This leads me to another take on that word “dominion.” Maybe the thing we must tame and take dominion over is that wild tendency only to seek our own interests, defining those interests quite narrowly. Maybe that’s the tendency that religion should focus on dominating or taming - that kind of selfishness, that narrow focus.
If religions focussed on that, things would be quite different, wouldn’t they? Instead of dominating others we would rein ourselves in. Instead of limiting the scope of our regard to a very narrow focus we could widen it to embrace all of creation, all human beings, all beings. That would encourage us to be good stewards of our relationships with one another, with all of creation, and if we believe in one, with a higher power.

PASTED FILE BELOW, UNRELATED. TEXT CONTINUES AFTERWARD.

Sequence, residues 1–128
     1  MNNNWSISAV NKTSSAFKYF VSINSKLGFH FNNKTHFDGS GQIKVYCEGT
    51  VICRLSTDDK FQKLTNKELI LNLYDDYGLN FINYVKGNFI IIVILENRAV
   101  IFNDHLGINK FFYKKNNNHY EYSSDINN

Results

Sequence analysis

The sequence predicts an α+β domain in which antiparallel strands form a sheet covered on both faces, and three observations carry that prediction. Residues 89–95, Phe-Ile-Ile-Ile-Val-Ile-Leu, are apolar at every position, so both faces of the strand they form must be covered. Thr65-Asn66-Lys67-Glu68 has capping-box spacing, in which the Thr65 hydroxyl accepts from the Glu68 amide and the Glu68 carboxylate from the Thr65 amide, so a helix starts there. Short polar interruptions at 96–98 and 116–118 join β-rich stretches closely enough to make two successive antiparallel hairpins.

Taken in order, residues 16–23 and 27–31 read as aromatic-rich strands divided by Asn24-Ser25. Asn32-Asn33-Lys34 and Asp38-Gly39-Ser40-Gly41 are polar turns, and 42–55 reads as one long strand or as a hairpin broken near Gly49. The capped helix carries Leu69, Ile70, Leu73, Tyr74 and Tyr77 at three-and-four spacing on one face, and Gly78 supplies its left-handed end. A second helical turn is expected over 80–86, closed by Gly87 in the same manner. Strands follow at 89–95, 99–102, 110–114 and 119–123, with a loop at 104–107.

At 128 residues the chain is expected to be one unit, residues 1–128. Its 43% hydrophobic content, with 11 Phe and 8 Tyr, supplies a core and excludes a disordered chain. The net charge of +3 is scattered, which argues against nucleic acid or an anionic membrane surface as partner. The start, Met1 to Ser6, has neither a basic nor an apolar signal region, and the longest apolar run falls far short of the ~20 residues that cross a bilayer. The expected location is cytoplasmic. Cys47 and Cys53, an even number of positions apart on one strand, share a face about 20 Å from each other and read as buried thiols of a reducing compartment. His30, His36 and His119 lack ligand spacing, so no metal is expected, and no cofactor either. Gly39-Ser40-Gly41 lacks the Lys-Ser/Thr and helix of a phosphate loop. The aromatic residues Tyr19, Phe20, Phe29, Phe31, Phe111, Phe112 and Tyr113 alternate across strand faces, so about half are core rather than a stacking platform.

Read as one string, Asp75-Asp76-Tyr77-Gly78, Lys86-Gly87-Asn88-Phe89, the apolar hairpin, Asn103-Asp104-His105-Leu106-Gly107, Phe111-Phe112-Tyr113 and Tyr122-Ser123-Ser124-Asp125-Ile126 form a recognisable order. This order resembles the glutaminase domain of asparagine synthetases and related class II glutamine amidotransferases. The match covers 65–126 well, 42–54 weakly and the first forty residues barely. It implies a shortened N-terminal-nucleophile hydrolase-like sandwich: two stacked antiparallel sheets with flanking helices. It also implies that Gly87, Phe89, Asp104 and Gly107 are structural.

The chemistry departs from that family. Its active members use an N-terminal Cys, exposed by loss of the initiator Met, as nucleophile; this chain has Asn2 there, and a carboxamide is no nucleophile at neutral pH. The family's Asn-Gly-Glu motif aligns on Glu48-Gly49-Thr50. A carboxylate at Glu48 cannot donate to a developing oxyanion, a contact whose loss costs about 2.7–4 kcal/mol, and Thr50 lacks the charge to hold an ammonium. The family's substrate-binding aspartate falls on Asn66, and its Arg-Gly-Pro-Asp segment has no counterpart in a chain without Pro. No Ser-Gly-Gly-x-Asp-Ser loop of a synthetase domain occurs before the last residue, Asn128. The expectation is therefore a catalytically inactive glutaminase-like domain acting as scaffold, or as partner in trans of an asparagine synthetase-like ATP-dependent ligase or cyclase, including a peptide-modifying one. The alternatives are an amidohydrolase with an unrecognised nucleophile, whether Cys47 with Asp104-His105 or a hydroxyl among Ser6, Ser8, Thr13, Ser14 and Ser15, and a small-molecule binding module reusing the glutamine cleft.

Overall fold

One piece of good news is that many Christians and Jewish people. many people of many religions, are doing just that. They are holding up an eco-theology, a theology of stewardship important in healing our earth. The good news is that we are not alone in our commitment to the earth and all of its creatures. We are not alone.
This story has a lot to recommend it. The God of this biblical source is an “immanent” God who lives in and shapes the world, including creating the first human being out of earth. There are lots of cute plays on words going on here - the word for “earth” in Hebrew is “adamah” and of course the first being made out of earth is called “Adam” a word related to the word "man" in Hebrew. Not only are earth and humanity related in the words of the scripture, they are made out of the same stuff. Earth to earth, ashes to ashes, dust to dust.
In the second creation story other animals are created, at first, to be companions to Adam. Adam helps name them. Since naming is portrayed as a creative act in the first creation story, you could say that in naming the animals Adam becomes a partner or even co-creator with God. Eventually the Creator realizes Adam needs an equal partner and creates one for him.